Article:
I was born and grew up in Ganja, a historical city that in the beginning of 19th century had shown the biggest resistance to the Russian conquest of Azerbaijan. Then, I received degrees from two distinguished universities in Moscow, from Mining Technology University (1981), and Moscow Literature University (1989), and an MPA from Indiana University (1997). The last 15 years of my career I've been a "researcher" and a "practitioner." As a journalist, columnist and then, Editor-in-Chief of Vatan newspaper - one of the flagships of Perestroika in Azerbaijan, - I had covered major events from internal challenges to the 1990-1991 Gulf War. Subsequently, in 1992 I was invited to work as Chief of Public Relations to the President of Azerbaijan. Then, the next several years I again spent in the academia. In 1996-1999 I worked for the World Bank and was one of the authors of the National Environmental Action Plan for Azerbaijan. By the late 1990s, I joined the National Democratic Institute and observed November 2000 parliamentary elections as a member of International Observers Team. After the failed parliamentary elections, I summarized my thoughts in a conceptual article ("Azerbaijan?… Azerbaijan!", "Yeni Musavat", Baku, March 16-18, 2001). In this article, I analyzed several existing models of the state, compared them and showed that liberal democracy would be the most appropriate model for Azerbaijan. The article provoked active debate and was widely discussed among intellectuals, politicians, the media and NGO community. In May 2001 I made a presentation at Harvard University for the "Leadership for the 21st Century" seminar. From 2001-2004, I worked on a number of development projects, chaired Azerbaijan Micro-finance Association, simultaneously continuing my academic research and teaching political sciences at the university. In 2004-2005, I conducted research at the National Endowment for Democracy on the prospects of democratic development in Azerbaijan. The presentation I made in February 2005 in Washington DC was welcomed by the leading experts and policy makers on the region. After the presentation at NED, I received invitations and made presentations at the USAID, Foreign Service Institute and other institutions. Upon return to Azerbaijan I made several presentations, wrote and published a series of articles and ran as a candidate to the parliament in the November 2005 elections. Thus, after conducting research I attempted to prove my findings in practice. After elections failed again I returned back to teaching at Khazar University and continued my development work. I am one of the authors for 5-year multi-million Azerbaijan Community Development project (2006), and currently work as Program Manager for Azerbaijan Civil Society Project, funded by USAID. Through my studies, travels, contacts with colleagues in other countries, I came to the conclusion that Azerbaijan is one of the most crucial places on the contemporary political map of the world. This is the place where currently the thin line between the past and the future goes. And exactly the course of events here will dictate in what direction the world will go in decades to come. This strong belief and feeling provides me with energy necessary to continue my academic studies and practical work in this wonderful place where many things still seem Orwellian.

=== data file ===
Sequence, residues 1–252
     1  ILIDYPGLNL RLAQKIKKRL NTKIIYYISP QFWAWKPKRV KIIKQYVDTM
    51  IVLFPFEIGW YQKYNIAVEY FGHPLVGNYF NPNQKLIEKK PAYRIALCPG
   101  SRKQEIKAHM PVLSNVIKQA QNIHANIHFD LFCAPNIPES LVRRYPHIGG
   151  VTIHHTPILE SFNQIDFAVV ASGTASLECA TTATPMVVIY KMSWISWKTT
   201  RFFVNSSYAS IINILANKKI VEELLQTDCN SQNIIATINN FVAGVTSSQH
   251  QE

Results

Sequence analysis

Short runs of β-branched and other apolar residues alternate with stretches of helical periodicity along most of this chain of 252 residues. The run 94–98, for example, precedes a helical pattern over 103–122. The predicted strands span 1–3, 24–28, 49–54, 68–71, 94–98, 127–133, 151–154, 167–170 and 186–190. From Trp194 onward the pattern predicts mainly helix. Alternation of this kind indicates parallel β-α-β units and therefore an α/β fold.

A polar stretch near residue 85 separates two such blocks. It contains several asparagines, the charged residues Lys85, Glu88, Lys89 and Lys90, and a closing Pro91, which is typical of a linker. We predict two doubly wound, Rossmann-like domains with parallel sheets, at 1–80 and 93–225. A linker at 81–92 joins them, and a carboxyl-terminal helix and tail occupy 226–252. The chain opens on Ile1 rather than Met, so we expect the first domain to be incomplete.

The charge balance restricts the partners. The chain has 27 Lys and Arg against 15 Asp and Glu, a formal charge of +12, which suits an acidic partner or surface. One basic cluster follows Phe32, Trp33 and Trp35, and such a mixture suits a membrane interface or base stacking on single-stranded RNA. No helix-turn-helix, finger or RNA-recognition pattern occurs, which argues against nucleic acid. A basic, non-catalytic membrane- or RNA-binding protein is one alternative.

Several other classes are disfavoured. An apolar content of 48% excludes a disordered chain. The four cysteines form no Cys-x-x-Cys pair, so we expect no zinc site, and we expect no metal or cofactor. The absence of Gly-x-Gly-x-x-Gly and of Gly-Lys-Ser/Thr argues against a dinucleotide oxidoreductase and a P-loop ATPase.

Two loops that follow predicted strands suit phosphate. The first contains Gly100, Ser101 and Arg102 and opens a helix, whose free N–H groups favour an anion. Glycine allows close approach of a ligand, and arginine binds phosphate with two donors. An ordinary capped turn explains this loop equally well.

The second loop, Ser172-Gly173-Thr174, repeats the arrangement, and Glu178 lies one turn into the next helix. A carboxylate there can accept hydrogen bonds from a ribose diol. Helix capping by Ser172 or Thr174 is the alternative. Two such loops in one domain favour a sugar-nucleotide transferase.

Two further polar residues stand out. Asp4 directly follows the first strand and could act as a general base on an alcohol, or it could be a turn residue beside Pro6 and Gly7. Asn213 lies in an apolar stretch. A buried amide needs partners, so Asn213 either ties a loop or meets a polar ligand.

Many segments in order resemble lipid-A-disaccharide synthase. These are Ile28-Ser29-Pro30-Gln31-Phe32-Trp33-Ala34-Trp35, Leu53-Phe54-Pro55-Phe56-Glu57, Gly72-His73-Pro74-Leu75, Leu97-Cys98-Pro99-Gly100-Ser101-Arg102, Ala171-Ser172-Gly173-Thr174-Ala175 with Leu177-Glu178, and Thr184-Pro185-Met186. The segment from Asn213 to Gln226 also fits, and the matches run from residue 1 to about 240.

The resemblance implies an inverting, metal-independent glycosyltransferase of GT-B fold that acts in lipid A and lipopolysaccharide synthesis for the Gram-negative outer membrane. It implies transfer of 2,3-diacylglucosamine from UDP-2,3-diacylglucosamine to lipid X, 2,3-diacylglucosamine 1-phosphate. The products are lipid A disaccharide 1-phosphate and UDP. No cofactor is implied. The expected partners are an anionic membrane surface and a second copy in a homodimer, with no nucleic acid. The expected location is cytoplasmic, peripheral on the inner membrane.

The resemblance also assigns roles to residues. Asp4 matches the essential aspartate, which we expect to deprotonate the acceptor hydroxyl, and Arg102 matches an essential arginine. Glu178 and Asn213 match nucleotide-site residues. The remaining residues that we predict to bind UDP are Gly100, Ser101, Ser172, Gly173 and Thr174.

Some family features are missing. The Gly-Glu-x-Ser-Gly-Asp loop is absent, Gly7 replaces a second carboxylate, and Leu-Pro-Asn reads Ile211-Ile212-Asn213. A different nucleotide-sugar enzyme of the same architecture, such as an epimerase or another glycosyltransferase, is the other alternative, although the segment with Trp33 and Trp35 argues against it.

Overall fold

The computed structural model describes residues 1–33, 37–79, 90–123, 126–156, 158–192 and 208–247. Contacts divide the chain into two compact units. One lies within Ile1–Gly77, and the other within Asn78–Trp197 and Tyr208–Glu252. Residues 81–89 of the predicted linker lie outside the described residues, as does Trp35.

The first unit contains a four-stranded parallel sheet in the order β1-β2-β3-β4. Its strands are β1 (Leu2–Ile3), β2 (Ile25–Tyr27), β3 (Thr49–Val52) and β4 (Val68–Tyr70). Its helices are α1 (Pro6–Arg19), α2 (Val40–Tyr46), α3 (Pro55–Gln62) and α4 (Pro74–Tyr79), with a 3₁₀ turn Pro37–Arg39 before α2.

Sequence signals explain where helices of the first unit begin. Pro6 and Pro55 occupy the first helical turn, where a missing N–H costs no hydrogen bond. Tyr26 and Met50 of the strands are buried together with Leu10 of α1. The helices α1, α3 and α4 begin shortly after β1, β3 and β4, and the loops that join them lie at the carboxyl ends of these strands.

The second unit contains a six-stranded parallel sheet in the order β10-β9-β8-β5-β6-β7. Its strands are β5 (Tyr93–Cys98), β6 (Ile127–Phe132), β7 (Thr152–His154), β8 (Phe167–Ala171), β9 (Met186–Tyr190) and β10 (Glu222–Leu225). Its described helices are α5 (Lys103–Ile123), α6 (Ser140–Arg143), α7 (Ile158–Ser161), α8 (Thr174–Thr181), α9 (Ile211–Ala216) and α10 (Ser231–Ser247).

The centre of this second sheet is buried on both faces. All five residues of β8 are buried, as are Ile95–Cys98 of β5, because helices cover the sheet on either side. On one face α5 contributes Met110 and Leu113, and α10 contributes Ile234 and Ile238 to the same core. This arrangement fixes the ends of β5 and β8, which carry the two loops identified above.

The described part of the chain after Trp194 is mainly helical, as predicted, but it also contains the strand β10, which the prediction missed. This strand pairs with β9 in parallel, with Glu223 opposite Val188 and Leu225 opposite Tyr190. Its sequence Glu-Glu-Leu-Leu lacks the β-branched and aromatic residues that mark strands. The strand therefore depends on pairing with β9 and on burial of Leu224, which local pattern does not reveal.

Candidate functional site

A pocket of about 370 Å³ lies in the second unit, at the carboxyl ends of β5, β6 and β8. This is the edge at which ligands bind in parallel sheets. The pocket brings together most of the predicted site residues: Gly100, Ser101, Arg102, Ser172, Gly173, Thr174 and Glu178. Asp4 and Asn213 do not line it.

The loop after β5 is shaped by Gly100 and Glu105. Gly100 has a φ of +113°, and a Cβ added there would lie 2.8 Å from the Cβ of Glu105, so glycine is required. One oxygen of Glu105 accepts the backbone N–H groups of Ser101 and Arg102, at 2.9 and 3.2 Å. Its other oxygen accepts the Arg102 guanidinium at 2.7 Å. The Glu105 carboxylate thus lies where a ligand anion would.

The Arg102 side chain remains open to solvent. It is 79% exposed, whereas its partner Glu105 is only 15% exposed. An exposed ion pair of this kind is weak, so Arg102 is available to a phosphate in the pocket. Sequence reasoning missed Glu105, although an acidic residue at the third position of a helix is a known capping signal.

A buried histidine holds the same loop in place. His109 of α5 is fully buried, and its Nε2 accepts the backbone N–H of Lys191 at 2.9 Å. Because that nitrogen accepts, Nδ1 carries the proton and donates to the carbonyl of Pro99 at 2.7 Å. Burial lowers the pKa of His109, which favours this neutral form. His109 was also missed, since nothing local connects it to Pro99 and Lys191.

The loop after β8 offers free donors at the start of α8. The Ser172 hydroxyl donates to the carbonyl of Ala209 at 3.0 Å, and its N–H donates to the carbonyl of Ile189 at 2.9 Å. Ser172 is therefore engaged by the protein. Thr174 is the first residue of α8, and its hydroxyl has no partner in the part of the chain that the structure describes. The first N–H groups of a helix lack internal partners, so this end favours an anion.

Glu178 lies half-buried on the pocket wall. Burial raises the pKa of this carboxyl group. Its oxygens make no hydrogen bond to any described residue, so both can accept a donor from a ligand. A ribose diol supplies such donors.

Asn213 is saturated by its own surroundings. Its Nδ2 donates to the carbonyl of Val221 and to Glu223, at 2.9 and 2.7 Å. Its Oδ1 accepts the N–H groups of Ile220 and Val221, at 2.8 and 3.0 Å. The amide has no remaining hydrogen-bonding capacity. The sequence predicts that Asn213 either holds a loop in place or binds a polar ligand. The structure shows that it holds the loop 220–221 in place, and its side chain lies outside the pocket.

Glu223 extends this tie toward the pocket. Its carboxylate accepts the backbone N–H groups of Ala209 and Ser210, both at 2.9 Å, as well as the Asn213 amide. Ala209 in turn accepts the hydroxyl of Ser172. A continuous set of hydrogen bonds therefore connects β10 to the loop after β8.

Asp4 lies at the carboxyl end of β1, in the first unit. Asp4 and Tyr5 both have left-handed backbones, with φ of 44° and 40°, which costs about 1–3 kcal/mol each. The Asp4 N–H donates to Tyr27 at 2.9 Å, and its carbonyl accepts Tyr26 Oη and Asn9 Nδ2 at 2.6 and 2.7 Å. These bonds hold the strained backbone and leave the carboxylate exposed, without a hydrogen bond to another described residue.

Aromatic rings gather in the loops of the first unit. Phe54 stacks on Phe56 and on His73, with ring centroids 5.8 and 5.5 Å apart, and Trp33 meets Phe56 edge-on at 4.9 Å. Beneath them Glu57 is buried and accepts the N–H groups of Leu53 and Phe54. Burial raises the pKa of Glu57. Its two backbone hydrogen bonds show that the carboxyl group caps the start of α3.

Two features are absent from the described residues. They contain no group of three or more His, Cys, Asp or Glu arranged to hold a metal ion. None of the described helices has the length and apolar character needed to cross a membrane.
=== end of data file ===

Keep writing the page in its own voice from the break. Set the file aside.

Advanced B.A. (1981) from Moscow Mining Technology and (1989) Moscow Literature Universities; MPA (1997) Indiana University, Bloomington


Azerbaijan,Democratization,East Europe,International Relations,International Security,Iraq,Media,Middle East,Political Science,Postcommunism,Religion


  • Professor, Western University, Baku, 1993-95, 2000-02;
  • Professor, Khazar University, Baku, 2002-04, 2005-07
  • Research Fellow, Reagan-Fascell Program, NED, 2004-05
  • Deputy Team-leader, CHF-International, Azerbaijan, 2005
  • Chairman of Azerbaijan Micro-finance Association, 2002-04
  • Program Manager, World Bank, 1997-99
  • Chief of Media Relations to the President, 1992-93

  • Vatan newspaper, 1989-92, 1993-94


    Political Science, International relations, Regional politics, Management, Media

Project Summary

One of the key challenges the world is currently facing is the issue of building stable and long-lasting democracies in multi-ethnic and multi-faith countries, such as Iraq, Afghanistan, Sudan, among others. Azerbaijan - a country with its religious composition very similar to Iraq - approximately 70 percent Shiites, 20-25 percent Sunnis, 3-5 percent Christians as well as other religious groups, represents an interesting case study. Despite its diversity, during the last two hundred years Azerbaijan has not experienced any internal interfaith or interethnic conflicts. Thus, examining the Azerbaijan case represents a unique opportunity to study and apply to similar countries.

Major Publications

  • "Azerbaijan?… Azerbaijan!", "Yeni Musavat," Baku, March 2001, (about historical challenges Azerbaijan faces).
  • "Iran, Azerbaijan, the United States and Democracy," Azadlyq (in Azeri), Bakinskiye Vedomosti (in Russian) July 2005.
  • "Opposition in Parliament," Bakinskiye Vedomosti, January 2006.